With Australian household debt to income ratios at record highs, it is vital to ensure that you have adequate personal risk protection cover in place to provide security for your home loan.  It is also critically important to consider your cover needs if another family member has provided a guarantee to assist you in obtaining the loan.

Unfortunately, in the excitement of buying a home, very few prospective or existing borrowers consider the consequences of not being able to work due to sickness or accident, or the financial impact of death, particularly with loans held jointly with a spouse, or with an additional guarantor.

Loss of income in the event of disability, even for a short period, will place stress on the ability to meet mortgage and/or personal loan repayments, and day to day living expenses.  Without adequate Income Protection cover, you will erode savings, and risk falling behind in your mortgage payments.  If you default on your loan, the bank may commence legal proceedings to repossess your home or pursue a guarantor to seek payment of the liability.

In the event of the death of a borrower, the person who inherits the home, or is a surviving joint tenant will be responsible for the debt.  If the property owner was a sole borrower, the bank may request the payment of the outstanding loan amount.  If there is a shortfall in the sale price versus the loan amount, the bank may sue the beneficiary to recoup the balance of the loan.  Without adequate death cover in place, you may be putting your surviving family at risk!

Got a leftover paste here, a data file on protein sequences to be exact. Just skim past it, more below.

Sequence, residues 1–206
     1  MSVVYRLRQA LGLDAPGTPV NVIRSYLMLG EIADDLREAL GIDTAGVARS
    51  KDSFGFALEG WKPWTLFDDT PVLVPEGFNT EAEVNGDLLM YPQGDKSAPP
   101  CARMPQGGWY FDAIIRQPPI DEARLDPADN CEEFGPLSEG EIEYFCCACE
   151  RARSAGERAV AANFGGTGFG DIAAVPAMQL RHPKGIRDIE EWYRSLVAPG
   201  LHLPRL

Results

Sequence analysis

Many homeowners falsely believe that they will have adequate protection via the default cover offered through their superannuation fund if they are temporarily unable to work, suffer permanent disability, or death.  Unfortunately, there is often a huge discrepancy between the amount owing on the average mortgage, and the cover held via super.

It is crucial to understand that the Death/Total and Permanent cover offered via many funds is unit based, and will decrease significantly as you get older.  The rate at which the cover reduces during your working life is typically much faster than the rate at which a mortgage is paid off!

The Income Protection cover offered by many superannuation funds may only offer a minimal benefit for a maximum period of 2 years, which in many cases will not cover mortgage payments in addition to other costs of living.  In the event of claiming on your Income Protection held via super, the benefit may be reduced based on your pre-disability earnings, and other offset provisions.

Some facts to consider in relation to covering your debts:

  • For every home destroyed by fire, 3 are forced to be sold due to death, and 48 are forced to be sold due to disablement.
  • 1 in 6 men and 1 in 4 women are expected to suffer a disability between the ages of 35 to 65 that causes a loss of 6 months or more off work.
  • 2 out of 5 Australians will suffer a critical illness such as Cancer, Heart attack or stroke before they reach 65.

Here at The Investment Collective, we have friendly advisers who specialise in risk insurance. If you would like to review your personal cover requirements contact us today.

Please note: The information provided in this article is general advice only. It has been prepared without taking into account any person’s individual objectives, financial situation or needs. Before acting on anything in this article you should consider its appropriateness to you, having regard to your objectives, financial situation and needs.